Ch 15 Rate Regulation And Universal Service

Ch. 15 – Rate Regulation and Universal Service
a. Rate Regulation
i. Rate of Return Regulation
1. Rates are based on the costs of the party that was regulated
2. If a regulated party shows higher costs, the regulator approves higher rates
a. The costs of a party is hard to regulate in that true information is tough to gain
b. It also leaves the regulated party with little incentive to economize expenses
c. Finally it encourages regulators to require long depreciation periods for physical investments which results in out of date equipment being used long after it has expired.
ii. Price Cap Regulation
1. An intitial maximum price is set with regards to likely costs, but after that the maximum price stays the same regardless of rising and falling costs.
2. Note that a price cap only works if the government commits to not changing the cap if the circumstances change.
3. A worry is that price caps cause firms to skimp on quality
a. Either you cut costs by becoming more efficient
b. Or you cut costs by reducing the level of service.
iii. Rate Regulation as Markets Become Competitive
1. Regulation often becomes acutely flawed when a market transitions to competition.
2. Prices are often raised relating to the huge investments required in infrastructure
a. However, regulted prices have a tendency to hover at this high level
b. This continues even as a market moves towards competition.
c. Prices set too low are also a problem in that they favor incumbents. Entry into a market is a costly procedure related to the infrastructure investment required
b. Universal Service
i. Origins
1. Easy to implement when Bell ran the entirety of the service
2. Pricing was easy in this system, b/c the cost of one service didn’t necessarily have to relate to its production. Costs could simply be shifted around.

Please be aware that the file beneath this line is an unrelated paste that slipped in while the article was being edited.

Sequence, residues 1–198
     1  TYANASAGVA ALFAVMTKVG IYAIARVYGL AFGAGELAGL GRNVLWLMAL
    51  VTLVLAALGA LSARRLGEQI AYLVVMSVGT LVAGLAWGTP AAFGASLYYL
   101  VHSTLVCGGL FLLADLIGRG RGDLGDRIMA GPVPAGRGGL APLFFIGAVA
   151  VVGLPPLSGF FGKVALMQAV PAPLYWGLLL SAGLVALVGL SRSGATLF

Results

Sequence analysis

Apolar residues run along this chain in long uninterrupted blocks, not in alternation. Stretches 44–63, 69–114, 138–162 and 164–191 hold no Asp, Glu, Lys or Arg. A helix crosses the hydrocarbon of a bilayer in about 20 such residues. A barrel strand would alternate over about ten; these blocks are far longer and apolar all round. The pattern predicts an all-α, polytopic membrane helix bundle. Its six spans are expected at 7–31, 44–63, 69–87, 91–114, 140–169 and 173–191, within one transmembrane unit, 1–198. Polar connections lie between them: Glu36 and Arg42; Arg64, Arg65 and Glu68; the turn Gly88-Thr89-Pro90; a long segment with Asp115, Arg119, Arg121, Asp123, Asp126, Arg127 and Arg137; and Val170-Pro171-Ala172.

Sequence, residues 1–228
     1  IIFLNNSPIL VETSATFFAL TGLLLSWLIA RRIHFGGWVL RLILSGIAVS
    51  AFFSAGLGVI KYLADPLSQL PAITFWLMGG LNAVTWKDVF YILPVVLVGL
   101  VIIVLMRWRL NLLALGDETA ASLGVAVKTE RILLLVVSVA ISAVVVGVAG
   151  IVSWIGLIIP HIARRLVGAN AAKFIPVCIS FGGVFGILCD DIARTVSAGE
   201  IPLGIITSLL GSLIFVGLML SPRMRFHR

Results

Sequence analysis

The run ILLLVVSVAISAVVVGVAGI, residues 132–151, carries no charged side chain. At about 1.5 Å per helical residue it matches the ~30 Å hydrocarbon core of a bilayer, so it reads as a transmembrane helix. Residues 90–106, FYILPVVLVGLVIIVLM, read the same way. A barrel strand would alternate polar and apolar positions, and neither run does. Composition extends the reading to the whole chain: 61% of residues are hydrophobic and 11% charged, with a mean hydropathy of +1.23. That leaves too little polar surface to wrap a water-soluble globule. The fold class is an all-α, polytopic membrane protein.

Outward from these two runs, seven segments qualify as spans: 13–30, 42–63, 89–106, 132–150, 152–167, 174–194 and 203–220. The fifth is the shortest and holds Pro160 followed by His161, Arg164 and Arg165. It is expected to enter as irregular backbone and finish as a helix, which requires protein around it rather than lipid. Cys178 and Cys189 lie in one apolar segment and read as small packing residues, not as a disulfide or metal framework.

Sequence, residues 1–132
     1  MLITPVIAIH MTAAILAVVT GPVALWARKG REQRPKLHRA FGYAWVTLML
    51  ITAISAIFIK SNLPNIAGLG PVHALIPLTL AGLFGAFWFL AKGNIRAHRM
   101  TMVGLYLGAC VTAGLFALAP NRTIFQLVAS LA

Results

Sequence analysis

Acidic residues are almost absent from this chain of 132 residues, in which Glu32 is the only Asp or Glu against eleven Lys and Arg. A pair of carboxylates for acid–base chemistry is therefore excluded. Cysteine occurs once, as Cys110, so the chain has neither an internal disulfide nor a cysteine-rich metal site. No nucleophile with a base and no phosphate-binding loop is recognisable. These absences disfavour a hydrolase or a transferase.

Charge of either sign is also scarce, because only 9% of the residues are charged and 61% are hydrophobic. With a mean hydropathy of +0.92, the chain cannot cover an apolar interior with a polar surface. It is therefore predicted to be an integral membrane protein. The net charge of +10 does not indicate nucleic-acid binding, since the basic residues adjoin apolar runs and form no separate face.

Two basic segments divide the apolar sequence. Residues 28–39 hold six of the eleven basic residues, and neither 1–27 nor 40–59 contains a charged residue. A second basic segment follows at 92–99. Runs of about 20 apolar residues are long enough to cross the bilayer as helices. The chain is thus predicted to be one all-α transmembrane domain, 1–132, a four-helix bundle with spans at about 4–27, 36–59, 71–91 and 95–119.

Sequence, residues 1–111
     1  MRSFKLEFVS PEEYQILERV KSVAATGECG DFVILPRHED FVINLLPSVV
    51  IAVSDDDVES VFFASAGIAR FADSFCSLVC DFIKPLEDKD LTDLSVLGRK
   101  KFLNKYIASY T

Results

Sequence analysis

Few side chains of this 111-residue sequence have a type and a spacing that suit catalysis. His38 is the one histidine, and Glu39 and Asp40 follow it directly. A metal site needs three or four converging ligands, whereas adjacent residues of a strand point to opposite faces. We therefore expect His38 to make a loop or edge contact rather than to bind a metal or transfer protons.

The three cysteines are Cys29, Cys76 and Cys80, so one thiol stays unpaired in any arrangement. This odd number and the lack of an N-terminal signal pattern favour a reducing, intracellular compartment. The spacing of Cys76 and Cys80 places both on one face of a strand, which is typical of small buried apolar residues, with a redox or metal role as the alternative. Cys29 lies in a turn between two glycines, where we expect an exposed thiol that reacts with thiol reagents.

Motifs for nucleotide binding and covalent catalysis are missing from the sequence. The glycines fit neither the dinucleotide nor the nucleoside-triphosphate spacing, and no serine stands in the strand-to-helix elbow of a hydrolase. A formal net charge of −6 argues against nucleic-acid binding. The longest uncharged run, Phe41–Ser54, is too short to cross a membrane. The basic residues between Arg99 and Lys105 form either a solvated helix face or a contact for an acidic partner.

3. This was easy to regulate when there was one system
a. Cross subsidies
b. Urban customers subsidized rural ones
ii. Ramsey Pricing
1. Universal Service Policies keep prices artificially high in order to keep other artificially low.
2. Equity and Efficiency are difficult to balance
3. This balance also relates to the cost of local and long distance services being balanced.
a. Prices can be set so that one is at marginal cost and the other is enough above so as to cover profit margins for both services. Or both can be raised, but this creates consumer struggles.
4. The Ramsey solution is that the price of both services so that they result in an equal reduction in demand (supply/demand economics)
a. Therefore if marginal pricing = 4,000 subscribers to local and 5,000 to long distance, then that 4:5 ratio should be adopted into the costs.
iii. Universal Service After Divestiture
1. Access charges were created and paid by long distance companies to local carriers for originating and terminating long distance calls.
2. Also fixed costs of the local network to the local rates through a subscriber line charge paid by local phone service customers.

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